Pakistan's caretaker government told the Supreme Court on Monday it will not file treason charges against former military ruler Pervez Musharraf but will leave the decision on that to the winner of the upcoming election. The petitions before the Supreme Court alleging Musharraf committed treason while in power constitute just one of several legal challenges he is facing following his recent return to Pakistan from self-imposed exile. The former military strongman was placed under house arrest over the weekend in connection with a different case, which involves his decision to fire senior judges while in power. Musharraf's detention was the latest in an array of setbacks he has faced since returning home last month with hopes of making a political comeback. Lawyers have filed private petitions before the Supreme Court alleging Musharraf committed various treasonable offenses, including toppling a civilian government, suspending the constitution and declaring a state of emergency. But according to Pakistan's constitution, the government is the only one with authority to file treason charges against Musharraf. Attorney General Irfan Qadir submitted a statement to the Supreme Court on Monday, saying caretaker officials have decided not to file treason charges because it was not part of their mandate.The caretaker government should avoid controversial matters that are not reversible by the winner of the May 11 parliamentary election, Qadir said. Instead, he added, caretaker officials are focused on routine matters, such as ensuring security for the upcoming election. However, Law Minister Ahmad Bilal Sufi indicated that caretaker officials would not defy the Supreme Court if the judges ordered the government to act. "At present all the focus, the attention is on the election arrangement," Sufi told reporters in Islamabad. "But we will be ready to proceed according to what the court asks us to do." The interim government took over last month and will hold power until a new government is formed after the vote. At this point, it's unclear how the next government will choose to proceed in the case of treason charges against Musharraf. The front runner to become the next prime minister is Nawaz Sharif, who was toppled by Musharraf in a military coup when he was serving as premier in 1999. Musharraf held power for nearly a decade until he was forced to step down in 2008 because of growing discontent with his rule. He returned despite Taliban death threats and an array of legal challenges. But upon his homecoming, Musharraf encountered paltry levels of public support and was disqualified to run in the upcoming election because of his actions while in office. Things got even worse last week, when Musharraf fled a court in the capital Islamabad to avoid arrest after a judge rejected his bail and ordered his detention. The arrest order was connected to Musharraf's decision in 2007 to dismiss senior judges, including the chief justice of the Supreme Court, apparently out of concern that they would challenge his re-election as president. Musharraf was eventually placed under house arrest at his heavily guarded compound on the outskirts of Islamabad until the next hearing on May 4.
On a Sunday morning, Christians in Saint John Vianney’s Church Peshawar were busy in praying. Father John William led the prayers in Urdu. Once the prayer was over, people started having chitchat in Punjabi. Once they went out of the church’s gate, they switched to Pashto. “This switching of three languages is a routine practice. Many of us have never been to Lahore but we speak Punjabi. In most cases, our forefathers migrated to Peshawar some three or four generations ago. Since then we have been living here. We are Christians. We are Pakhtun but our association with Punjabi language is intact. It’s what we speak at our homes,” explained Pervaiz Arthur, one of the local Christians at the church. While generally Peshawar isn’t considered a safe city, the minorities living in Peshawar think otherwise. There are three main minorities living in Peshawar: Hindus, Sikhs and Christians. They have one thing in common: Punjabi. All of them say they are proud Punjabi-speaking Pakhtun and feel safer in Peshawar than any other part of the country. “Tolerance towards minorities in Khyber-Pakthunkhwa, particularly in Peshawar, is much greater than in other provinces. Maybe it’s because Pakthun think the people belonging to different religions are also Pakhtun and their brothers. I have always been given preference over Muslims in business deals in Peshawar. I speak Pashtu because I am born and bred here but I am fluent in Punjabi,” said Augustine Jacob, a rights and political activist in Peshawar, talking to The Express Tribune. What may be an issue of life and death in other parts of the country is a common practice in Peshawar. Many Christians and Hindu families don’t mind interfaith marriages. Mushtaq Gulzar and his wife Shanti Zeba are one such example. “I am a Christian and my wife a Hindu. We lived in a same neighborhood and started liking each other. When our parents came to know about this they got us married. She is still a Hindu and I am still a Christian. Our kids are free to choose the religion of their choice when they grow up,” Zeba and Gulzar said in unison. “We don’t mind interfaith marriages if it’s between a Hindu and Christian. We do tell our boys not to think of getting married to a Muslim girl because in that case the whole family and community come under fire. There have been some rare cases when a Christian girl married a Muslim boy after conversion,” explained Gulzar. Surindar Kumar is head of one of the Hindu families living in Peshawar. He is caretaker of a temple in Tehsil Gor Gathri, Peshawar. “It took me years to take possession of this temple through litigation but now everything is fine. I don’t feel discriminated on basis of my religion,” Kumar said in fluent Punjabi, sitting in the temple. “Many Sikhs have migrated to Peshawar from Fata and run very good businesses. They are actually pampered by the people around them. Many Pakhtuns are pleasantly surprised when they first hear me speaking fluent Pashtu,” said a Sikh who runs a cloth shop in Qissa Khwani Bazaar. “The condition of minorities in Khyber-Pakhtunkhwa has always been better than in other provinces. I have served as priest in Punjab and other parts of the country, but I see minorities having the least problems here. May be that’s why despite all odds, minorities have never thought about migrating from Peshawar,” said John William, a senior priest and Father at Saint John Vianney’s Church. “There are above 4,000 registered Christian voters in Peshawar but there isn’t any specific party they will vote for. Everybody has his/her own political inclination,” said Finiase Masih. “Earlier, corporation (sanitary) jobs were considered to be reserved for Christians only, but with the influx of IDPs, many Muslims are given these jobs. This has somehow created frustration among Christians who aren’t educated or skilled,” said Masih.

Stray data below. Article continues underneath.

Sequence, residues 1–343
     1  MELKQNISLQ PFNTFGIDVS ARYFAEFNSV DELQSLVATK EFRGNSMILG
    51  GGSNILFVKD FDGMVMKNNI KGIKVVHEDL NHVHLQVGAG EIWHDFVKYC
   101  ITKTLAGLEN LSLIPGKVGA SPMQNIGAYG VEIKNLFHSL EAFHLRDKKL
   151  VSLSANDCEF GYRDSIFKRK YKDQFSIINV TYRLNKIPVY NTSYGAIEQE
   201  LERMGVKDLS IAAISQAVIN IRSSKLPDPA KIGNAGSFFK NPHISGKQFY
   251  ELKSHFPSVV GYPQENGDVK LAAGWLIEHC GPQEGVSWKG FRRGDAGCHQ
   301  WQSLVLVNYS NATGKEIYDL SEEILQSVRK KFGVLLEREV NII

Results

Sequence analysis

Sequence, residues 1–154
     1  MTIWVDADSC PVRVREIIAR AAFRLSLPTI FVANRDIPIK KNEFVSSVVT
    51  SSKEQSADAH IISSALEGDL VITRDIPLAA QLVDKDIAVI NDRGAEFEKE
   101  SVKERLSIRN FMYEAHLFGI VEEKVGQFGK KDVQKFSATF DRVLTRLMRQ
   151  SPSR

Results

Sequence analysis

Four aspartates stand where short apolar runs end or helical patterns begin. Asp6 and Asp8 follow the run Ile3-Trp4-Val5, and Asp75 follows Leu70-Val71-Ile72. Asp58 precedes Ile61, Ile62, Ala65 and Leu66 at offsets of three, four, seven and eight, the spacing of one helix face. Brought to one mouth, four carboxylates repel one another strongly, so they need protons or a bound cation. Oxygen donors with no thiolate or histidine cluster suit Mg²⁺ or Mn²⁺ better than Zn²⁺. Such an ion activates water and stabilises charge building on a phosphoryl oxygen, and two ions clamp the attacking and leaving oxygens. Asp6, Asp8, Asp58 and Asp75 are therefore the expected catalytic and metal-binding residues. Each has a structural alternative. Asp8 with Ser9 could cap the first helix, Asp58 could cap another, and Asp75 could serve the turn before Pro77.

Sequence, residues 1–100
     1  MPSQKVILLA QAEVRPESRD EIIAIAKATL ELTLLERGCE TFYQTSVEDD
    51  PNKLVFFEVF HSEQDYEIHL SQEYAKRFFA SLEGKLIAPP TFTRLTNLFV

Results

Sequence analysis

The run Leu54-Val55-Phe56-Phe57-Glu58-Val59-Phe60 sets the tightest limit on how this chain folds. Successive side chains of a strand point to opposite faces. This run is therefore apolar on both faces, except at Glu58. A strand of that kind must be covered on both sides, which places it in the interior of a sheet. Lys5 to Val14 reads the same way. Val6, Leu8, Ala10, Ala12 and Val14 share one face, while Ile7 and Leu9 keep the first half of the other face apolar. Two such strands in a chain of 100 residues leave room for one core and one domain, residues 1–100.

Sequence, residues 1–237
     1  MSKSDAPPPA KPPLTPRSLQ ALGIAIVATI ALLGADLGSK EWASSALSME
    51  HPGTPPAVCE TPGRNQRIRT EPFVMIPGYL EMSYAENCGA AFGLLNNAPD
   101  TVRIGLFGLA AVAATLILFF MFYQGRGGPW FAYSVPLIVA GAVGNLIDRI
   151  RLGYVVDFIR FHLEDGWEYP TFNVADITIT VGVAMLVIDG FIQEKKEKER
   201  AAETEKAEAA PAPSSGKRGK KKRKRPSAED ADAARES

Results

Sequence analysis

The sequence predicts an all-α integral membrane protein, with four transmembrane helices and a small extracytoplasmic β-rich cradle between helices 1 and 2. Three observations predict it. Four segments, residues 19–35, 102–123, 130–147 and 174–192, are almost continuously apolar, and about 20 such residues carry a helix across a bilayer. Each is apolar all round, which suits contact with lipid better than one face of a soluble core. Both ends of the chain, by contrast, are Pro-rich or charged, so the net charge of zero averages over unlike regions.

Moderate politicians from some of Pakistan's most violent areas are risking the threat of Taliban attack to run in upcoming nationwide elections, but they are increasingly being forced to rely on social media, phone calls and even short documentaries that allow them to campaign at a distance. That could give hard-line Islamic candidates and Taliban supporters an advantage as they're able to stump for votes and hold large public rallies that are a traditional hallmark of elections in the country but are extremely vulnerable to attacks. One of the most serious attacks occurred Tuesday, when a suicide bomber blew himself up outside a meeting of the secular Awami National Party in the northwestern city of Peshawar, killing 16 people. The Taliban said the target of the attack was Haroon Ahmad Bilour, whose father, a senior party leader, was killed in a suicide bombing in Peshawar in December. He escaped unscathed, but his uncle, Ghulam Ahmad Bilour, suffered minor injuries. As he was being treated at the hospital, the uncle vowed that he and other party candidates would not withdraw from the election despite the death threats. With his trousers soaked in blood, he walked among the hospital beds to comfort crying victims and told them, "We are fighting a war for Pakistan's survival." Hours earlier, a candidate from one of the Islamic parties, Jamiat Ulema-e-Islam, campaigned freely in his constituency in a different part of Peshawar, the capital of Khyber Pakhtunkhwa province. Maulana Jalil Jan's supporters showered him with rose petals as he walked unguarded from shop to shop down narrow, crowded lanes to ask for votes. He bristled at any suggestion that the Taliban were terrorists and blamed attacks in the country on foreign agents seeking to "malign religious leaders, all bearded people." He pointed out that the word Taliban simply means a student in an Islamic school. "There is a difference between the Taliban and terrorists," said Jan. Faced with the Taliban threat, parties have had to get more creative in their campaigning for the May 11 vote. Members of the Awami National Party and other secular political parties specifically targeted by the Pakistani Taliban have stepped up their use of Facebook and Twitter as well as phone calls and advertisements. Analysts and secular party candidates fear that the danger could skew election results in favor of hard-line Islamic parties and others who refuse to speak out strongly against the Taliban. Their candidates are able to campaign with much less fear of being attacked, and the concern is this could lead to national and provincial governments inclined to take a softer position toward the militants. "If you tie my hands, and you want me to fight, I can't," said Mian Iftikhar Hussain, a candidate from the Awami National Party, sitting in his heavily guarded office in Peshawar. Hussain is running for a provincial assembly seat in the town of Pabbi, which is only 20 kilometers (12 miles) from Peshawar, but it is too dangerous for him to campaign there in person. To get around the danger, Hussain produced a short documentary that highlights development work he has brought to Pabbi and chronicles the sad loss of his only son, who was gunned down by Taliban militants in 2010. The documentary shows Hussain standing in prayer over the freshly dug grave of his son as a heartfelt poem he wrote in the young man's memory is sung out in mournful tones: "I never knew the enemy could reach my home, my heart, my love would disappear in a grave." He distributes it on DVDs to voters in Pabbi and plans to show the short film there using a couple of big projectors. Hussain was attacked himself by a suicide bomber at his son's funeral in Pabbi. He survived, but seven other people were killed, including two of his close relatives. The politician's eyes teared up as he watched the images of his son's grave in the documentary. The film asks his constituents to "vote for those who are sacrificing their lives to save you and your children from terrorists." It's not only the top Islamic parties like Jamiat Ulema-e-Islam and Jamaat-e-Islami that seem to have been spared by the Taliban in the run-up to the election, but also mainstream parties perceived to take a softer stance on militancy, such as the Pakistan Muslim League-N, which is favored to come out on top in the election, and Pakistan Tehreek-e-Insaf, which is headed by former cricket star Imran Khan. They have all safely held public rallies attended by thousands of people in recent weeks. These parties have all pushed for peace negotiations with the Taliban instead of military offensives, and the militant group recently said talks should be mediated by the leaders of the top two Islamic parties and the Pakistan Muslim League-N. The parties that have been targeted by the Taliban have also called for peace negotiations, but have demanded the militants put down their weapons and endorse the constitution first and have vowed to continue fighting them until that happens. The Taliban have rejected these conditions. "This is not a level playing field," Awami National Party leader Afrasiab Khattak said. The Pakistani Taliban have been waging a bloody insurgency in Pakistan for years to enforce Islamic law in the country and to break the government's alliance with the United States in fighting militants. They have killed thousands of civilians and security personnel in scores of gun and bomb attacks. The group's main sanctuaries are in the rugged northwest along the Afghan border, including the semiautonomous tribal region and Khyber Pakhtunkhwa. The Taliban have also established a significant presence in the southern city of Karachi and have stepped up attacks there. The militant group issued audio and video messages last month warning people to stay away from rallies held by the Awami National Party and two other secular parties that have supported army offensives against the militants in the northwest: the Pakistan People's Party, which led the most recent government, and the Muttahida Qaumi Movement, which controls Karachi. The Taliban have carried out at least 10 attacks against candidates and party workers, mainly those in the Awami National Party. The attacks have killed at least 18 people, including a candidate for the Muttahida Qaumi Movement. Many other candidates have been wounded, including five from the Awami National Party. "This is a clear attempt by the so-called 'non-state actors' to oust and defeat moderate parties," said Raza Rumi, a political analyst who runs the Jinnah Institute think tank in Islamabad. "This can't be a fair and free election." The Awami National Party has closed over 50 of its election offices in recent months, mainly in Karachi and Peshawar, because of the threat of attack. The Muttahida Qaumi Movement has stopped holding the massive public rallies that it is known for in Karachi. The Pakistan People's Party had to cancel a large event in southern Sindh province at the beginning of April that was meant to mark the start of its campaign because of security reasons. Khattak, the Awami National Party leader, called on all political parties to come forward and condemn the attacks on candidates. Many have remained silent or have refused to name the Pakistani Taliban, either for ideological reasons or out of fear of being targeted themselves. "You have to decide whether you are with the terrorists or with the people," Khattak said.